Punitive damages, also sometimes called exemplary damages, are a bit different than both economic and non-economic damages. Instead of damages meant to compensate the victim for his or her injuries, these mean to punish the negligent party. The court generally reserves punitive damages for companies or other large entities who knowingly put people in danger. The injured party will still receive a monetary award, but it is more as a means of punishment than it is compensation for their injuries. These types of damages exist to hold the liable party responsible and prevent others from getting injured in similar situations.
How Do I Know If My Injury Was a Result of Someone’s Negligence?
The majority of accidents occur because of another person’s recklessness or negligence. To determine if your injury falls into this category, ask yourself this: Was the other party less careful than myself or than they ought to have been in this situation? If the answer is yes, they were probably exhibiting negligence.
There are some other things to consider that might negate the other party’s negligence. For example, if you were somewhere you were not supposed to be when you got injured, the other person may not be liable for premises liability. The same goes for if you were somewhere where you should’ve probably expected this type of activity to occur that resulted in your injury.
If you were also careless or negligent in the situation, the other person may still hold some fault, but the court may deduct your compensation by the extent of your own responsibility. This, as we learned, is a case of comparative negligence.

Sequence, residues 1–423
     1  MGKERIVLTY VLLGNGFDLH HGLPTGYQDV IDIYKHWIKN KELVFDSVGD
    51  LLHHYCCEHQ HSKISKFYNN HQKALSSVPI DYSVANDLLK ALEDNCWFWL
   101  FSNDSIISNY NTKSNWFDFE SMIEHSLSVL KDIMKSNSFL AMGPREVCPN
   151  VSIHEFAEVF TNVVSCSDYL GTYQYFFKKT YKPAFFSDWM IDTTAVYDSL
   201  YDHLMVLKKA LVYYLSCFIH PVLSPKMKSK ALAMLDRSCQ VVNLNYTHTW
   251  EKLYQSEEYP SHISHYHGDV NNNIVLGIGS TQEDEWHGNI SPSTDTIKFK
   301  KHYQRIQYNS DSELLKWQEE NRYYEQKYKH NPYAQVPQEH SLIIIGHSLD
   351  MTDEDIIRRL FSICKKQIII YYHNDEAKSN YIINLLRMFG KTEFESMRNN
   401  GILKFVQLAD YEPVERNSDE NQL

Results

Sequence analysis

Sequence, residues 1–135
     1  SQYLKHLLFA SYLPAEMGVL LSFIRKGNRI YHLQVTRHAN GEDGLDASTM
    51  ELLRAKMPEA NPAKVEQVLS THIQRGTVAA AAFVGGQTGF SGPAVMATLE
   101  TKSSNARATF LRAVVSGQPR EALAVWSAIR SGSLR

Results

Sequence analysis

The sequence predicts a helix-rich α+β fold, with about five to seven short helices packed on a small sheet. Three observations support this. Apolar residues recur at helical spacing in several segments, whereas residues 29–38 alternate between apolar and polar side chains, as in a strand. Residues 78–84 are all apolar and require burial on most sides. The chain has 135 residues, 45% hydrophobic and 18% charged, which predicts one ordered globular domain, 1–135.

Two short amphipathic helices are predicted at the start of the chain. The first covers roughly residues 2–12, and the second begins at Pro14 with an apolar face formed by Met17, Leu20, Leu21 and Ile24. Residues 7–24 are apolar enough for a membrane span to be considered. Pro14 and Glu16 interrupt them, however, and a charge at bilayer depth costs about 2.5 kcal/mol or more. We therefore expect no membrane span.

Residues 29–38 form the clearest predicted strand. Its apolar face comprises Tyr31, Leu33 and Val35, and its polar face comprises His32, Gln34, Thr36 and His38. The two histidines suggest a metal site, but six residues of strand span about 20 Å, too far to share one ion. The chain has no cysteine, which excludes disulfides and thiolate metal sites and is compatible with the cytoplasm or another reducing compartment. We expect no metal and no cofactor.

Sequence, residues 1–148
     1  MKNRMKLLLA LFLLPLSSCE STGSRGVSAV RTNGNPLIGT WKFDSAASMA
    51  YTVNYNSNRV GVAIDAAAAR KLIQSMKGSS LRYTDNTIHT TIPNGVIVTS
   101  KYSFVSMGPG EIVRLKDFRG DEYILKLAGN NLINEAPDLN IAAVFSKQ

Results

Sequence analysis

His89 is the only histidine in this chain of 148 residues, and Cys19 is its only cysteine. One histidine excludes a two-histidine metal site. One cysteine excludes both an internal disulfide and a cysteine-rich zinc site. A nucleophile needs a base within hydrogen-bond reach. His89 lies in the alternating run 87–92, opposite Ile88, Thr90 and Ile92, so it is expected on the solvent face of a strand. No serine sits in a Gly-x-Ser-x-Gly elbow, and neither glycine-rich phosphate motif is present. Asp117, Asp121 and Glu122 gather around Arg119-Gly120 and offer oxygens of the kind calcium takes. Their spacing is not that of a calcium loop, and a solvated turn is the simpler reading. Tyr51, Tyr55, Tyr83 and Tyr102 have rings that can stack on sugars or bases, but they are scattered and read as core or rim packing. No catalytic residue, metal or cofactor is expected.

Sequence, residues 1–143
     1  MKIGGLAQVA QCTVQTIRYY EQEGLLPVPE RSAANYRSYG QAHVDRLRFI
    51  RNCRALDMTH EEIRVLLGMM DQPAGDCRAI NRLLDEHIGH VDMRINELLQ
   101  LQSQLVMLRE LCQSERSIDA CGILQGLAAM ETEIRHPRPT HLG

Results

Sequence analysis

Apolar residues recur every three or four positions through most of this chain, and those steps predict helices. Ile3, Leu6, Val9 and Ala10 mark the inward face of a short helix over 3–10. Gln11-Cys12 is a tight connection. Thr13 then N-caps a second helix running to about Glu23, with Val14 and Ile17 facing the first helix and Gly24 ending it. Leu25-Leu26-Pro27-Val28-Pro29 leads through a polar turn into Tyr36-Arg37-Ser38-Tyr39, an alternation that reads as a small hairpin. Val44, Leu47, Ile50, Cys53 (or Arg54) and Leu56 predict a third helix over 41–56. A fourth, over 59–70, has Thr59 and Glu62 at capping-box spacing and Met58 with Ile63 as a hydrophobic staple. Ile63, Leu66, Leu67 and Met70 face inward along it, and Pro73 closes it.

In addition to the person who actually caused your injuries, there may be other people who hold liability, as well. For example, if a negligent person caused an accident while on the job, their employer may also be legally responsible. If the accident occurs on property that poses obvious danger, the property owner may be liable for failure to maintain or safeguard their property. If this sounds like your own case, you may need one of our Chicago premises liability attorneys. Similarly, if a defective product caused the injury, the manufacturer and seller of that product may hold liability. For this type of case, see our Chicago product liability attorneys.
Contact Curcio Law Offices for Assistance in Your Negligence Case
If you or a loved one received injuries due to someone else’s negligence, you have a right to compensation. At Curcio Law Offices, we have decades of collective experience handling your personal injury and negligence claims. Contact our Chicago-based attorneys today to see if you have a feasible case. Please feel free to schedule an appointment via our website or give us a call here at 312-321-1111.